We've got a lot of distinguished guests here -- a couple of people I want to acknowledge. First of all, my outstanding Vice President, Joe Biden, is here. (Applause.) Our Secretary of the Treasury, Tim Geithner, is in the house. (Applause.) Jack Lew, the Director of the Office of Mangement and Budget. (Applause.) Gene Sperling, Chair of the National Economic Council, is here. (Applause.) Members of our bipartisan Fiscal Commission are here, including the two outstanding chairs -- Erskine Bowles and Alan Simpson -- are here. (Applause.)

And we have a number of members of Congress here today. I'm grateful for all of you taking the time to attend.

What we’ve been debating here in Washington over the last few weeks will affect the lives of the students here and families all across America in potentially profound ways. This debate over budgets and deficits is about more than just numbers on a page; it’s about more than just cutting and spending. It’s about the kind of future that we want. It’s about the kind of country that we believe in. And that’s what I want to spend some time talking about today.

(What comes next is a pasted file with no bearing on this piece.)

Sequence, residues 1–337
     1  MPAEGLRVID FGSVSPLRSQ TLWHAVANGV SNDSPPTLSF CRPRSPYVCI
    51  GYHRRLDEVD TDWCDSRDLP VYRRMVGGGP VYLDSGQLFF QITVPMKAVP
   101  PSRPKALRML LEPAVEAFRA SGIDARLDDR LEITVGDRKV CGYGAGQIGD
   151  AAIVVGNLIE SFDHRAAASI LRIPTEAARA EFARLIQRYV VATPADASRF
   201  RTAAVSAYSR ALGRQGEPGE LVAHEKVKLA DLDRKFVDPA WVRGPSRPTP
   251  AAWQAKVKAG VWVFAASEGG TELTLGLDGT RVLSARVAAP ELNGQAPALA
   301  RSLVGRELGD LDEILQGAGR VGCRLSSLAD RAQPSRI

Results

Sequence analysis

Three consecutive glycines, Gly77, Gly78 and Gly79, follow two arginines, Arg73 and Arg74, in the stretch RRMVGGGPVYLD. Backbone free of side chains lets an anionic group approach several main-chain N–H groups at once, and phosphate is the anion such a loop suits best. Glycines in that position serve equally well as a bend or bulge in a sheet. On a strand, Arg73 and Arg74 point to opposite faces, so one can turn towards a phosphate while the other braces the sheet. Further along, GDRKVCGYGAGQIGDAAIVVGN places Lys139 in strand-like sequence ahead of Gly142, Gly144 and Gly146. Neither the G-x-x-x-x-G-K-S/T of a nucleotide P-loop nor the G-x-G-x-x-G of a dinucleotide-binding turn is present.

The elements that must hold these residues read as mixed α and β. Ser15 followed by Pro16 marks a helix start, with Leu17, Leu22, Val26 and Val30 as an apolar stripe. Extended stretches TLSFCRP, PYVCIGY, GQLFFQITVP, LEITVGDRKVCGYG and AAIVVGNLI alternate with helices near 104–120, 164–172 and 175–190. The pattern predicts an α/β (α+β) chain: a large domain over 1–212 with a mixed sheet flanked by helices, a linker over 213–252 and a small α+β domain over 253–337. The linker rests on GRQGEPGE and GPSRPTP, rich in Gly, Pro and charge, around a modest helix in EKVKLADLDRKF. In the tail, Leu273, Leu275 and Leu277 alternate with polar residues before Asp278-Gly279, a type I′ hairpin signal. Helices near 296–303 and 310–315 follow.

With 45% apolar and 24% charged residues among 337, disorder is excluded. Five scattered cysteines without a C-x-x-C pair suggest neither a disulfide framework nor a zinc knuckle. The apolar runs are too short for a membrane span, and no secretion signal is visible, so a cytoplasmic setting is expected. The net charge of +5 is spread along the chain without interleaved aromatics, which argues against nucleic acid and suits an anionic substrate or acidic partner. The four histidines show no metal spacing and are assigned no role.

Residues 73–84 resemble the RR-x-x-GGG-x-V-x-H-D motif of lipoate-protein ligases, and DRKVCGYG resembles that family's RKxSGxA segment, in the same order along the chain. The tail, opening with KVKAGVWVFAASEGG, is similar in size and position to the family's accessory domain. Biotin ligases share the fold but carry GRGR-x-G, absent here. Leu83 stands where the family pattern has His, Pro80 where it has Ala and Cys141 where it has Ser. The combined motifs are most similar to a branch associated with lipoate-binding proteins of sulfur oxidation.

From our first days as a nation, we have put our faith in free markets and free enterprise as the engine of America’s wealth and prosperity. More than citizens of any other country, we are rugged individualists, a self-reliant people with a healthy skepticism of too much government.

But there’s always been another thread running through our history -– a belief that we’re all connected, and that there are some things we can only do together, as a nation. We believe, in the words of our first Republican President, Abraham Lincoln, that through government, we should do together what we cannot do as well for ourselves.

And so we’ve built a strong military to keep us secure, and public schools and universities to educate our citizens. We’ve laid down railroads and highways to facilitate travel and commerce. We’ve supported the work of scientists and researchers whose discoveries have saved lives, unleashed repeated technological revolutions, and led to countless new jobs and entire new industries. Each of us has benefitted from these investments, and we’re a more prosperous country as a result.